Church Brothers Farms' Jason Lathos Discusses Transitioning Lettuce Crops
SALINAS, CA - When you hear Mother Nature knocking at your door, you better answer quickly, because she’s a lady you don’t want to keep waiting. Weather changes can happen at the drop of a hat, and while growers need to duck and weave the whole year ‘round, transitioning crops to new regions can be especially tricky. Like many growers, Church Brothers Farms is transitioning out of Salinas, California, to Yuma, Arizona, and like many, the weather has been a major factor in timing and supply.
“We're not playing in a dome, we're playing with Mother Nature,” Jason Lathos, Manager of Commodities, told me. “Mother Nature is our opponent—we're playing in an outdoor arena. Weather has been a factor for the last four lettuce markets in the last year, and that's exactly what's happening now.”
Church Brothers Farms has seen a gap in its transition between growing areas, where one area finishes early, and another finishes late, which Jason says comes as no surprise, given the mercurial weather this season. The Salinas Valley saw a wave of abnormally warm weather, resulting in an early finish to the grower’s Salinas crop. At the same time, in Yuma two significant storms swept the region, bringing cold weather and unfavorable conditions with them, including rain, hail, and lightning.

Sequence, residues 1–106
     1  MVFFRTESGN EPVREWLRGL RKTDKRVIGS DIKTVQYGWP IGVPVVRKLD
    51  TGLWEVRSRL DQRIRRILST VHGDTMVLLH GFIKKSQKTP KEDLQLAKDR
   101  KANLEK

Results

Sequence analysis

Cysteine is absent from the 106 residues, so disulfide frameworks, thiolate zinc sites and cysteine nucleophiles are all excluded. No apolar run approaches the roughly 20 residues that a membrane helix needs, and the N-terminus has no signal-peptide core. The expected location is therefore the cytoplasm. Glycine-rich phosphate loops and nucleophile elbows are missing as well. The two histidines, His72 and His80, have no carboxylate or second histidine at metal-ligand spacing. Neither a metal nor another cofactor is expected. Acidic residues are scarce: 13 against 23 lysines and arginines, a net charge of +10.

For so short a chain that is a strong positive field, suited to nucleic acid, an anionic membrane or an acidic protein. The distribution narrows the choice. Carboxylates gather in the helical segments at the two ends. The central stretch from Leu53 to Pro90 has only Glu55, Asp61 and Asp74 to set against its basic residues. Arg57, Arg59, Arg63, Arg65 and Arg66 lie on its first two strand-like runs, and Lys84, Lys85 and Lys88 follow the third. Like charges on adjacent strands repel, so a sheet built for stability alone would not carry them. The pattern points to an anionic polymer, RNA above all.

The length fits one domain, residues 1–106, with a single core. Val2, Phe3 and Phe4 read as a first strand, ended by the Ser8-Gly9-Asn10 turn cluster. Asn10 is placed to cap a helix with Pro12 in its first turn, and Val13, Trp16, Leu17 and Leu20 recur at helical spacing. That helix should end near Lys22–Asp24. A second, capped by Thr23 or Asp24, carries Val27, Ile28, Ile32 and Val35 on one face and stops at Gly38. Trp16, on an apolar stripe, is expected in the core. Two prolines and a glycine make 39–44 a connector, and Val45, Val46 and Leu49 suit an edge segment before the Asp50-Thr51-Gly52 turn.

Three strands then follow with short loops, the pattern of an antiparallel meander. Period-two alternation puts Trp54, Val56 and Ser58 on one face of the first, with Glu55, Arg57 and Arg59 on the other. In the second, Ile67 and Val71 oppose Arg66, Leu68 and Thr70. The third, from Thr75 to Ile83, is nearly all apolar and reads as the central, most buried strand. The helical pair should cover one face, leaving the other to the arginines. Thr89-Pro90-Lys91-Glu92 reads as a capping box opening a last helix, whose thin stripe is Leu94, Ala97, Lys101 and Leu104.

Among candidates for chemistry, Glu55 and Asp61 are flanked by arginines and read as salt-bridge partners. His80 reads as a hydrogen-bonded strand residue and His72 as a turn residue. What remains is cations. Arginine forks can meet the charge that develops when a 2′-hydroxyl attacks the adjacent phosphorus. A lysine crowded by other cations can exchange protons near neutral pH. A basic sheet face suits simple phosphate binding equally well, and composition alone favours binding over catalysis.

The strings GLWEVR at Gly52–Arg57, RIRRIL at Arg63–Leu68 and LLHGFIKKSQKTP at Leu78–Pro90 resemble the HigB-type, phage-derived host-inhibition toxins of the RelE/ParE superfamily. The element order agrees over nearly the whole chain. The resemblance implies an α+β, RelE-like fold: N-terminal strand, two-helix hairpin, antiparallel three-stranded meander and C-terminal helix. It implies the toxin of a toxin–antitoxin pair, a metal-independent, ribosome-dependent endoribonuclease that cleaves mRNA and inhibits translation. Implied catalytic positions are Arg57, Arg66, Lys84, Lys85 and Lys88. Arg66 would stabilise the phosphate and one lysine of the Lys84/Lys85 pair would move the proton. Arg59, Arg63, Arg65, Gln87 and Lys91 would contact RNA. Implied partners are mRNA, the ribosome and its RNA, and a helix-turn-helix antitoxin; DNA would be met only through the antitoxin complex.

Church Brothers Farms had intended to start at the end of October, but that start got pushed back two weeks. Contending with the weather can require some predictive thinking, and with the Salinas crop finishing early, and the Yuma crop starting late, choosing the right varieties is key.
“Iceberg lettuce is basically a three-month crop, and you're planning the varieties based off of normal weather patterns,” Jason explained. “So, if you had a cold-weather variety planted, but when you're getting close to harvest it's hot, you have the wrong variety. Mother Nature is always the key. You never know what those crops are going to do.”
Consumer buying trends are another thing that can wax and wane with changing temperatures, according to Jason, so buyers can expect to see a decrease in short-term demand as 70 percent of the U.S. experiences temperatures of 32 degrees or lower. Keeping one eye on the sky and the other on the market is critical for balancing growing capabilities with demand for products.
“You try to connect all the dots, and the next thing you know, you were right or you were wrong,” Jason commented. “But for the short term, it's been very active. For the long term, to be determined. Keep an eye on Mother Nature.”
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